Sharks need to stay physical in Game 4


Sharks need to stay physical in Game 4


Todd McLellan recants his version of a tale about the 1983 New York Islanders, whose reign over the National Hockey League ended with their fourth and final Stanley Cup that spring against the Oilers.
I remember hearing a story about the Oilers walking by the Islanders' locker room, McLellan began. Those guys were bleeding, they were taped up, there were ice bags everywhere, when they should have been celebrating a Stanley Cup championship. If I remember the story correctly, that was the moment the Oilers needed to become their dynasty, was to see that. If you're not hurt right now, if you're not banged, bruised, you're not sore, you're not tired, I guess the question would be: Why?To that end, the Vancouver Canucks are now officially the team this is more banged, bruised, sore, tired and especially,hurt, as this Western Conference Finals series enters Game 4 on Sunday afternoon at the Shark Tank.Two crushing hits in Game 3 from Sharks left wing Jamie McGinn have taken out the Canucks' No. 3 defenseman -- Christian Ehrhoff-- as well as, their No. 6 blue liner -- Aaron Rome.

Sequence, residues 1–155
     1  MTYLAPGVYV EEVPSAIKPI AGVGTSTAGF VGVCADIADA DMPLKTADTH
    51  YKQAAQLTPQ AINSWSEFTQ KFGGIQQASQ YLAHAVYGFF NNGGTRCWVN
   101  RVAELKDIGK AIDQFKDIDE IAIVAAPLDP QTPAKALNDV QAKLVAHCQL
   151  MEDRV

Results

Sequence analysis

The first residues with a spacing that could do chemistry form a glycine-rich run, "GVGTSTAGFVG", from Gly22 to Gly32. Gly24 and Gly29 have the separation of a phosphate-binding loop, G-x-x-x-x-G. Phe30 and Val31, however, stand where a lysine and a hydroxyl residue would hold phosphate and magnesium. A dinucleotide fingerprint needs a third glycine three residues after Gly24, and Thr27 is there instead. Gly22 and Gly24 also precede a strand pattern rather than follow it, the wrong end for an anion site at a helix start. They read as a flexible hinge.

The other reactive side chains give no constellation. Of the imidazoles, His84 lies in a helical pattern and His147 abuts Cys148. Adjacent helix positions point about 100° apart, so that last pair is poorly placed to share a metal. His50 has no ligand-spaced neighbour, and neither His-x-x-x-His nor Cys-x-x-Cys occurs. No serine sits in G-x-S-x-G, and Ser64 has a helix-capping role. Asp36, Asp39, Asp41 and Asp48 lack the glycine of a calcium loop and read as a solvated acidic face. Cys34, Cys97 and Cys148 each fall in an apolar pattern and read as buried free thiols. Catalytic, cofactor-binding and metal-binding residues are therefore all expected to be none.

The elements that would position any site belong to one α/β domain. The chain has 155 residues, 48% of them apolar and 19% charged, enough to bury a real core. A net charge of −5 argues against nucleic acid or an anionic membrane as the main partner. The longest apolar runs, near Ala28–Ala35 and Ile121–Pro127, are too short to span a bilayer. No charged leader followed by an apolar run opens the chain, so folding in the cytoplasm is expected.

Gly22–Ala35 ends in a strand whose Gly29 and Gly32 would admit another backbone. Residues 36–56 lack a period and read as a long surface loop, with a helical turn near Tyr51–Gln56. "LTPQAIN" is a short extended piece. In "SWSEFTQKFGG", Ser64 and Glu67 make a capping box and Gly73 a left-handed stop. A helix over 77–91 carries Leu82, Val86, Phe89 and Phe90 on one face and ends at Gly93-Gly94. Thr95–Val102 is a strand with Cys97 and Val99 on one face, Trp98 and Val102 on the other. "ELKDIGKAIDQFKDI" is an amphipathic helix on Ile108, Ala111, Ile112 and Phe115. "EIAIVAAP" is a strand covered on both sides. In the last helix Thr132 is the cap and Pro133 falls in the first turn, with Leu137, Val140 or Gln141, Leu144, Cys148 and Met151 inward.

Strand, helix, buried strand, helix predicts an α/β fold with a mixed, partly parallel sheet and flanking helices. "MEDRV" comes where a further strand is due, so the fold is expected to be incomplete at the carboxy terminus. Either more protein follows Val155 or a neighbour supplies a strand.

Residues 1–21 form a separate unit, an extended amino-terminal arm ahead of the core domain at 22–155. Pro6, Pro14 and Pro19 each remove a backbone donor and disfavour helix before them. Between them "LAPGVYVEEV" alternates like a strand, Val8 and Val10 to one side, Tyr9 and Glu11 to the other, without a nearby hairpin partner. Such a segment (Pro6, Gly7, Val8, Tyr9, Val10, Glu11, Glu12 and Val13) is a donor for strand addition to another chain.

RATTO: McLellan keeping doom in the air
On Saturday afternoon, McGinn was cleared of any wrong-doing by the NHL on the Rome hit, despite drawing a five-minute major for boarding, plus a game misconduct, his second of the playoffs (charging penalty: Game 6 vs. Los Angeles Brad Richardson).